But in order to bring about educational stability for foster youth, legislators  have grabbed the wrong edge of the stick. Rather than keeping foster youth near their original schools, Congress has passed legislation requiring education and child welfare agencies to transport children from new foster homes and placements to their former schools, no matter how long it takes and how much it costs.

The Every Student Succeeds Act  (ESSA) requires school systems to transport foster children to their original schools “whenever it is in their best interest.” There is nothing wrong with the legislation as written. Clearly, young people should be transported to their original schools if it is in their best interest. The question is, when is it actually in a child’s best interest to be transported to their original school?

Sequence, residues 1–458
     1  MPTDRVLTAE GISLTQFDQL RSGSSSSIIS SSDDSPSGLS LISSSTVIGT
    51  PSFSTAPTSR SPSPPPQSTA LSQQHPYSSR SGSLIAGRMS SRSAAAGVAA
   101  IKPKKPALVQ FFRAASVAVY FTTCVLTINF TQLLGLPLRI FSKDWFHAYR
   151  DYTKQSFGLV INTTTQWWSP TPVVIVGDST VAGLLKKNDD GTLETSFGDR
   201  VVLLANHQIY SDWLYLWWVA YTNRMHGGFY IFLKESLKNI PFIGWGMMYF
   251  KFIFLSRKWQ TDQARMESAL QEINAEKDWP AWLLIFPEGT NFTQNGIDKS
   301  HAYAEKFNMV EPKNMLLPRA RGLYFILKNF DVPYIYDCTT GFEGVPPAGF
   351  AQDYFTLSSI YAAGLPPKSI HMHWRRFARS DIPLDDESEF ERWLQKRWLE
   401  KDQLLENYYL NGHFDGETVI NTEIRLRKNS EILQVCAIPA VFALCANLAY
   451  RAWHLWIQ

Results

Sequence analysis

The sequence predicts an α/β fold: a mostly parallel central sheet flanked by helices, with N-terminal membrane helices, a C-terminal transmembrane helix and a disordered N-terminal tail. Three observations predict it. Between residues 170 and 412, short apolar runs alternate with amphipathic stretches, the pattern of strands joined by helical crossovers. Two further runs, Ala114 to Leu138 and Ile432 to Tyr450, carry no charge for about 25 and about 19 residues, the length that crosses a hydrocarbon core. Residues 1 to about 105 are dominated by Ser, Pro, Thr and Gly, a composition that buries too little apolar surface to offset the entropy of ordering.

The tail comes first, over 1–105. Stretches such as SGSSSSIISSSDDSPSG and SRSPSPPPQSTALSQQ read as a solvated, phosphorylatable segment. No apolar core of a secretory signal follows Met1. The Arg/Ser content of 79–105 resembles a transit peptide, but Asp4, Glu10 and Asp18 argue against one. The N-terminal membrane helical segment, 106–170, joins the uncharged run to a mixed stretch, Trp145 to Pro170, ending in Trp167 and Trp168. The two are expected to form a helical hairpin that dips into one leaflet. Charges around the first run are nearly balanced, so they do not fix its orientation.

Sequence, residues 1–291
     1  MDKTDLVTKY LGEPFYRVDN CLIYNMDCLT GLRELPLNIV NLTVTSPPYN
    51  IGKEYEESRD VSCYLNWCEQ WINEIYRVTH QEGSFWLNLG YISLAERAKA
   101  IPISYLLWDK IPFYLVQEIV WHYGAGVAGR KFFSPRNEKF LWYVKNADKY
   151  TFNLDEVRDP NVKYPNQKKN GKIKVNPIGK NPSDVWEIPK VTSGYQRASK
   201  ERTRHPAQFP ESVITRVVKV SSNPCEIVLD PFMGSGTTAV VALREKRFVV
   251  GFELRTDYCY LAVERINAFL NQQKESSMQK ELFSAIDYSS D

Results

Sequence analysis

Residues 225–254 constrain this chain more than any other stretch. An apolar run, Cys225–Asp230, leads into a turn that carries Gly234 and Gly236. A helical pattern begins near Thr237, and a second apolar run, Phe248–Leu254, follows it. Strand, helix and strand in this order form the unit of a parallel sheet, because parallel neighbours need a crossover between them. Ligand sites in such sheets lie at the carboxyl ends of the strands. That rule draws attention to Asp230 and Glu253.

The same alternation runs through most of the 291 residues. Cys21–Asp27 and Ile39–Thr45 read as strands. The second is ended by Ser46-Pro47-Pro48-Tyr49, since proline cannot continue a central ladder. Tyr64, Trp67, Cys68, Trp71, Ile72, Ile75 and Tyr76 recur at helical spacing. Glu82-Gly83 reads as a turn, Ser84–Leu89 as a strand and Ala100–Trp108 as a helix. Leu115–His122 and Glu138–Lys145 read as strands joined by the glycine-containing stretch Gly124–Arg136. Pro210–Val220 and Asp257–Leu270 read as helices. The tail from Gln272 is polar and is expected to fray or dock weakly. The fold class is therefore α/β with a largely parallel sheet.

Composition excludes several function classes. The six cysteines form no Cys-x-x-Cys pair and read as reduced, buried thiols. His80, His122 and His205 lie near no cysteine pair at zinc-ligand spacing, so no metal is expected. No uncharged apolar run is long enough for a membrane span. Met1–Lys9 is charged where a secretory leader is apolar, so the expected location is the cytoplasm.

Is it in their best interest to be in a van for up to four hours a day as the driver stops to pick up different children going to different schools? Is it in their best interest to be transported by a private services that gets them to school late daily? Is it in their best interest to be unable to participate in extracurricular activities because they have to be picked up right after school ends? Is it in their best interest to spend agency money that could be used for tutoring or therapy on transportation? These are all common problems that I observed as a foster care social worker in the District of Columbia when the children on my caseload were being transported to their original schools from their Maryland foster homes.

Some child welfare agencies, advocates,  and journalists seem to think that being transported to their original schools is always in the best interests of foster children.  But those who work directly with foster youth know better. As Margaret Henry, a Los Angeles Superior Court Judge, wrote in a powerful column, “Why spend money transporting children for hours to their home school, instead of working harder and more creatively to find them placements in their home school’s district?”